MassDevice Q&A: Boston Scientific co-founder John Abele

June 9, 2010 by Brad Perriello

Boston Scientific Corp. co-founder John Abele, in the first installment of a lengthy interview, on the company's origins in the basement of a church rectory, its connection to a famous Czech mystic and how it overcame doctors' early skepticism about its catheter-based technology.

MassDevice Q&A: Boston Scientific co-founder John Abele

There aren't many multi-billion-dollar companies that can say they got their start in the basement of a Catholic church rectory. Still fewer can claim a connection to a famous Czech mystic credited with pioneering research into human consciousness (and, not incidentally, with inventing the steerable catheter).

But according to co-founder John Abele, Boston Scientific Corp. (NYSE:BSX) can. The Natick, Mass.-based medical device maker got its start with the steerable catheter invented by Itzhak Bentov, leveraging the platform into a family of catheter-based products that changed the way medicine is practiced.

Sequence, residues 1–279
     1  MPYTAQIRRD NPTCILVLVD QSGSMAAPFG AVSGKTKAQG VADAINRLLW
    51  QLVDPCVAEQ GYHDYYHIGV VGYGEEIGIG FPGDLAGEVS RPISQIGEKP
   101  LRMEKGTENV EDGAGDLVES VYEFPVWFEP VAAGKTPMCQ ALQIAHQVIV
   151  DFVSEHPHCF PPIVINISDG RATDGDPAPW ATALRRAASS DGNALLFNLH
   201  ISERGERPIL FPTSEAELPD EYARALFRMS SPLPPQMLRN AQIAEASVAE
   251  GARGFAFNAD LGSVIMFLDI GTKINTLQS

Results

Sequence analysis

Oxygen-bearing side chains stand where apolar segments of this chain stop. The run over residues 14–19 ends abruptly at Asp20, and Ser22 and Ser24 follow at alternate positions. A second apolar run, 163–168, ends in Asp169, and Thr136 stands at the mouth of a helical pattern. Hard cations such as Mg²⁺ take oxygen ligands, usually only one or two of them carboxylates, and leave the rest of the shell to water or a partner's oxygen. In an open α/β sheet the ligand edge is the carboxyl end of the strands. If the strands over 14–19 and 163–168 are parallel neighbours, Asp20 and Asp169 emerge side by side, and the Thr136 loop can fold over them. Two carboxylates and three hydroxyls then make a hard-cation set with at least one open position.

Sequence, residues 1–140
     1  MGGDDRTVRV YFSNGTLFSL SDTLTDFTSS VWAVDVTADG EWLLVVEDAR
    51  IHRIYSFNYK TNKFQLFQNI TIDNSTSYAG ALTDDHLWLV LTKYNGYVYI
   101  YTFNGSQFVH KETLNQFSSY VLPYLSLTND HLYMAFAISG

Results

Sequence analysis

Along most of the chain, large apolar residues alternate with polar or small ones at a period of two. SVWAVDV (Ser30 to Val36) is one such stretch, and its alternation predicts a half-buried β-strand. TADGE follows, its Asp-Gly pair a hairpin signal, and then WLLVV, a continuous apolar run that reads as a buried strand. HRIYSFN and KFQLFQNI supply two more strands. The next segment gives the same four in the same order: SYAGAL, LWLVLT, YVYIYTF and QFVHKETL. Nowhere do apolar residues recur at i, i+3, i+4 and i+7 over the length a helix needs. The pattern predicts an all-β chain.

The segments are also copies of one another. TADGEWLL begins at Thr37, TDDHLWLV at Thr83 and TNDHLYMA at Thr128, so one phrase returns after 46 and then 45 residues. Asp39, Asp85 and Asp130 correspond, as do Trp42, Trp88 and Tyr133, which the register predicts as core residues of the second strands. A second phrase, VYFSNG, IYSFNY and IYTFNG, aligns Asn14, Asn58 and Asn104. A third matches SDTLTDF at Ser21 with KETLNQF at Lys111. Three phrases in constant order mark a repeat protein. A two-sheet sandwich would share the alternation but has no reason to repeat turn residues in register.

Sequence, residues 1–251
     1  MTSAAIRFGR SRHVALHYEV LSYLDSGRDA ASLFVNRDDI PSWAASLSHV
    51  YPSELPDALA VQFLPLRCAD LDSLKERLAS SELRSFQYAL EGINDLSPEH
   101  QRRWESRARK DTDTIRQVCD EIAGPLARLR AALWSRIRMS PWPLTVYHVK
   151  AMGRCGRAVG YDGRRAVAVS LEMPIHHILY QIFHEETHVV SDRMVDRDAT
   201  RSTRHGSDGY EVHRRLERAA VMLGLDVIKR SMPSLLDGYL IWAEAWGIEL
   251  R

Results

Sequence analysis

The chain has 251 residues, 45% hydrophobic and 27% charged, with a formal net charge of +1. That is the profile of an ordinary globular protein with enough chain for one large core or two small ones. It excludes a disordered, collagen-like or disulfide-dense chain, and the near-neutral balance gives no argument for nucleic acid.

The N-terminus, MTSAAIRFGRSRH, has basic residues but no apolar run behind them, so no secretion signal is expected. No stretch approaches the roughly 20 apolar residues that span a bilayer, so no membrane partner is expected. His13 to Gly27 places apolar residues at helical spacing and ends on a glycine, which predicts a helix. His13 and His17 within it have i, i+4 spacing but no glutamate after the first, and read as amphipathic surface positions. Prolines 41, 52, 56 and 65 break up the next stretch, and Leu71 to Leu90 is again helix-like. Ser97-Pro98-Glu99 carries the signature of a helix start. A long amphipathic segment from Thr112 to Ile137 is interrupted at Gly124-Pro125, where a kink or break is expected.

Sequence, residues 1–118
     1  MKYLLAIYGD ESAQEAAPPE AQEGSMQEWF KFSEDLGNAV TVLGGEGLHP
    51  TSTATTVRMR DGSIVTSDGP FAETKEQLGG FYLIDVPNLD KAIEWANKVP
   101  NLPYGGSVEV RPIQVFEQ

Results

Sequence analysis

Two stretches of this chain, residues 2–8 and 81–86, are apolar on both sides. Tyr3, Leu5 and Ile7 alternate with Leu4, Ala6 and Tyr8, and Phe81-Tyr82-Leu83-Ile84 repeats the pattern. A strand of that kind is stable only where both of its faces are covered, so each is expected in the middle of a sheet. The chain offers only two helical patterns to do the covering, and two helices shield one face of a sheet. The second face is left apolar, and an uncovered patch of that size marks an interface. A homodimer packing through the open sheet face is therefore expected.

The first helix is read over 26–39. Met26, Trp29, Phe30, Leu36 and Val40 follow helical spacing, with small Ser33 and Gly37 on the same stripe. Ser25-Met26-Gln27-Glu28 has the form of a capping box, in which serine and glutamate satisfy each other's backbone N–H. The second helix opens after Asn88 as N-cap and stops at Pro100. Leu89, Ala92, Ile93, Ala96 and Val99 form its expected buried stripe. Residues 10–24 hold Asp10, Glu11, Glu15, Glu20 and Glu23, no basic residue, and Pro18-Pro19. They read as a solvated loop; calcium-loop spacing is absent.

In a lengthy interview, the first installment of which appears here, Abele told MassDevice about Boston Scientific's connection with Bentov and his Belmont, Mass.-based lab, why his invention was so revolutionary and how the company won over early skeptics.

MassDevice: Tell us about the early days of Boston Scientific. Was there an "Aha!" moment when you knew you had a nascent idea for which the time had come?

MassDevice Q&A: John Abele

John Abele
Part II

John Abele: A little bit of yes and no. In the very early days the predecessor to Boston Scientific was a company called Medi-tech, located in Watertown, Mass. Medi-tech started in the late 60s and was actually all around one inventor named Itzhak Bentov. He was a very inventive person, but also a person who was not the type you would normally think would be an inventor. He was a very spiritual person, he did meditation, he was a very soft-spoken person. He was interested in how the brain worked and actually attached electrodes to his head which were connected to a function generator in which he could change the wave shape and the power and learned about how the brain interprets these different frequencies. He was sitting on a chair with a dead-man's switch so that if he fell over the machine would turn off. He was actually born in Czechoslovakia, parents wiped out by the Nazis, emigrated to Palestine, later Israel, and wound up speaking something like 11 languages. It turns out he was a very eloquent person, he could explain complex ideas very well.



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